Portions of the wall located closer to major cities and other tourist attractions are better preserved while those in more rural locations have been completely destroyed. In many of the rural villages, bricks from the wall are taken to be used in other building projects. Tourism has also impacted the wall, by increasing foot traffic wear on the stones and leading to more pollution. Erosion has occurred from sandstorms in some areas of the wall.
It is estimated that approximately 60km of the wall in the Gansu Province could completely erode in the next 20 years.
21 Patagonia, South America - It's not Antarctica, but it is close
Located at the southernmost point of South America, the region of Patagonia covers parts of Chile and most of Southern Argentina. The location was considered remote in the past but has become an increasingly popular tourist destination more recently. Many cruise ships visit the region, when sailing around the south tip of South America or onwards to Antarctica.
The Valdes Peninsula, located in the north east of Patagonia is listed as a UNESCO World Heritage site due to its importance as a nature reserve. Patagonia contains many diverse environments including deserts, lowlands and grass lands. In addition, the Andes Mountain Range, which spans the entire western coast of South America, concludes in the southern region of Patagonia.
Due to the large area Patagonia covers, there are multiple concerns including the increase of tourism impacting the natural environment with pollution and garbage. Volcanic eruptions and earthquakes are also possible in the western part of Patagonia due to the numerous fault lines in the region.
Furthermore, as Patagonia is so far south, there are many glaciers and ice fields, which are the largest in the world outside of Antarctica. These are threatened by global warming and glacial melt is a growing concern.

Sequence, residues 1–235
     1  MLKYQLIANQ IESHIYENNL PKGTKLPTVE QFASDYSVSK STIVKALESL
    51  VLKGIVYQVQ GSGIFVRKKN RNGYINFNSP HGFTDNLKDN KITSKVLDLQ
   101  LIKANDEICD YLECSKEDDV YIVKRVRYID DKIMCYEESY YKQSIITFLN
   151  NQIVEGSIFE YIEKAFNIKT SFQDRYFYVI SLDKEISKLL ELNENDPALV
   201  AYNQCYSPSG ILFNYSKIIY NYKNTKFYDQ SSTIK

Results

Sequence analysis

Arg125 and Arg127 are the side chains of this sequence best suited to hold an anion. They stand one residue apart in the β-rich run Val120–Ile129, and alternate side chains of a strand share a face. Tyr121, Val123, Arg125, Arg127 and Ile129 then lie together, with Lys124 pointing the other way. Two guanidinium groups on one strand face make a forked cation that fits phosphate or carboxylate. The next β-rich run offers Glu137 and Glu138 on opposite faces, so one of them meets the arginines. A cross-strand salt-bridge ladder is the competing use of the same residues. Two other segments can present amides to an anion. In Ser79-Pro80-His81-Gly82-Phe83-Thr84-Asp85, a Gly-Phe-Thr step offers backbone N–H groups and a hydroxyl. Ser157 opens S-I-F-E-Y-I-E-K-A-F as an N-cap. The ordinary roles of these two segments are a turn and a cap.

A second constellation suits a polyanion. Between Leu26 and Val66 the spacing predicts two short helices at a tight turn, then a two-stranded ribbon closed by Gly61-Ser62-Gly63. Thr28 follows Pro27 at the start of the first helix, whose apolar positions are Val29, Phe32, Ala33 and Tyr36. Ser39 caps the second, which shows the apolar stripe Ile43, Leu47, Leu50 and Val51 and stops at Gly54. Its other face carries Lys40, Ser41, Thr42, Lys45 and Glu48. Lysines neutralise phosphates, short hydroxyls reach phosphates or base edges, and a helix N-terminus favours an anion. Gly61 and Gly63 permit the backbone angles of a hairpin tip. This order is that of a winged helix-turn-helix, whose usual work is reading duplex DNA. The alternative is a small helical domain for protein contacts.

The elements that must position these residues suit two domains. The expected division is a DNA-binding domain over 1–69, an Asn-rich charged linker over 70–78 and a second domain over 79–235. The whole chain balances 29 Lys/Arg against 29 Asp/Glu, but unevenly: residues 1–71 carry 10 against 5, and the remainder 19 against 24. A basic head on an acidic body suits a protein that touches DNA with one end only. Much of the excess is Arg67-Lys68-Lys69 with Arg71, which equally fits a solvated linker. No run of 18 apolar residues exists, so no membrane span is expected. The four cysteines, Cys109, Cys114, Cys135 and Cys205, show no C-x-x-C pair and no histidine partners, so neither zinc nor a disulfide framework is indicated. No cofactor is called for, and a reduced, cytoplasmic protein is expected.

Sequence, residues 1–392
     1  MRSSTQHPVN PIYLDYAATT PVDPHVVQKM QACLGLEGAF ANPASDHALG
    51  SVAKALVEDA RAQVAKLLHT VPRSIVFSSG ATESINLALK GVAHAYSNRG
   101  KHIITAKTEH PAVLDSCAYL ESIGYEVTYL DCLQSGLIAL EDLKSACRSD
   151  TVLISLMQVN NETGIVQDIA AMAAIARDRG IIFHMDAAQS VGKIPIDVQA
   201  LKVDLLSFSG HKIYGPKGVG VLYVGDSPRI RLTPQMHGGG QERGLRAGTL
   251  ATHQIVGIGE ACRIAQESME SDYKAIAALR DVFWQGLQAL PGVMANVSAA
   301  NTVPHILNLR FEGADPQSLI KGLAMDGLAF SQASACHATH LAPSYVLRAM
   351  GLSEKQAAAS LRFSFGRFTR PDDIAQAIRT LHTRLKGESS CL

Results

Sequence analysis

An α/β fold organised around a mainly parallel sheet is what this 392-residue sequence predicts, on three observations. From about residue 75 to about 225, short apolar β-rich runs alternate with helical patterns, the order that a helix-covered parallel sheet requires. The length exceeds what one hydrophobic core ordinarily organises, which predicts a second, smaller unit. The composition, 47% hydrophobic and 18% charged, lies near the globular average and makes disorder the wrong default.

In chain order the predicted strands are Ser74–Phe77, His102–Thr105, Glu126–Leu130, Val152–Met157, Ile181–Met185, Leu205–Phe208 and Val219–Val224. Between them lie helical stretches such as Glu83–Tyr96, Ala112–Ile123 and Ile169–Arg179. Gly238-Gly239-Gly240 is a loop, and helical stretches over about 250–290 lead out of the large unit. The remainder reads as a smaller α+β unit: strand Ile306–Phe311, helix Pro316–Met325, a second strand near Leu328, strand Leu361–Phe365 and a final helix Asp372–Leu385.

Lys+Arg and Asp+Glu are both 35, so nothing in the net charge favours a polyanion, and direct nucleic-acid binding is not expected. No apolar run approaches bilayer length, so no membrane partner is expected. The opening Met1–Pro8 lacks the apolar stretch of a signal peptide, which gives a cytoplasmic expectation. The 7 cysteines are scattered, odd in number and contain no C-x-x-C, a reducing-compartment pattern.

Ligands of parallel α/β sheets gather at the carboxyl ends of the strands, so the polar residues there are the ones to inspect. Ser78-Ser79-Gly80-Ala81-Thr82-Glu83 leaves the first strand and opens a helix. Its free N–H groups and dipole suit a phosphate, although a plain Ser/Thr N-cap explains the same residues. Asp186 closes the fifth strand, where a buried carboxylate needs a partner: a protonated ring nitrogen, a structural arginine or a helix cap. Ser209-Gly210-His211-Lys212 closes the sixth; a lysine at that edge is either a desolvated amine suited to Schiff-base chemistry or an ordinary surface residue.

20 Olympia, Greece - Home of the First Olympic Games
Olympia is the historic site of the first Olympic games in the 8th century BCE. The ruins in Olympia have been damaged over time from earthquakes and were completely buried following flooding and tsunamis until the mid 1700s when the ruins of Olympia were rediscovered and excavated in the early 1800s. Excavation of ruins and the various objects associated with the ancient site has continued until the modern day.
Greece has numerous sites with ancient ruins, but Olympia has a history that is unique. There is a museum at the site dedicated to the archeological discoveries from the excavations, which also houses an extensive collection of bronze statues. As Olympia is the original location of the Olympic games, it is where the Olympic flame is lit for the modern Olympics. When the Olympics returned to Greece in 2004, some of the ruins at Olympia were restored and used for events, mainly the shotput contest.
The site was evacuated and almost damaged by forest fires in 2007 which were particularly bad, resulting from high temperatures and drought during the summer. Due to the potential for another major forest fire and the threat of earthquakes in the region, the site of Ancient Olympia could face damage or destruction.
19 The Amazon Rainforest, South America - Amazing and in danger
The Amazon Rainforest spans across 5,500,000 km2 in South America, crossing into nine countries. Home to many unique species, the Rainforest is an ecosystem that is unmatched elsewhere in the world.
Deforestation is causing a loss of the natural habitats for those species who live in the forest. However, the deforestation also creates instability in the soils of the forest, which also threatens the forest ecosystem.
Urban development is also a threat to the forest, with the increase in population numbers, people will need to expand cities, it is estimated that almost 30% of the forest will be destroyed by 2030.
As the Amazon covers such a vast area in South America, different sections would provide a traveller a different experience. The Amazon River also provides a unique way to experience the rainforest and as it crosses three countries, the various sections of the river offer diverse views of the surrounding forest. For a traveler visiting countries in South America, a trip to the Amazon rainforest would be an experience worth taking, especially before the forest sustains extensive damage from humans. And due to the size of the forest, it is possible to get to from other popular tourist destinations in South America.
18 Komodo National Park, Indonesia - Home of the Komodo Dragon
Komodo National Park is comprised of three main islands- Komodo, Padar and Rinca as well as 26 smaller islands. The park was created in the 1980s to protect the natural habitat of the Komodo Dragon, the largest land lizard on the planet, which are carnivorous and possibly poisonous. UNESCO has also named the National Park one of the New Seven Natural Wonders of the World in 2011. The National Park also faces the challenge of resource depletion due to fishing by the local communities and other commercial businesses. Although there are locals who still live on the island, the Komodo dragons and the other animals are the main inhabitants of the island at the current moment.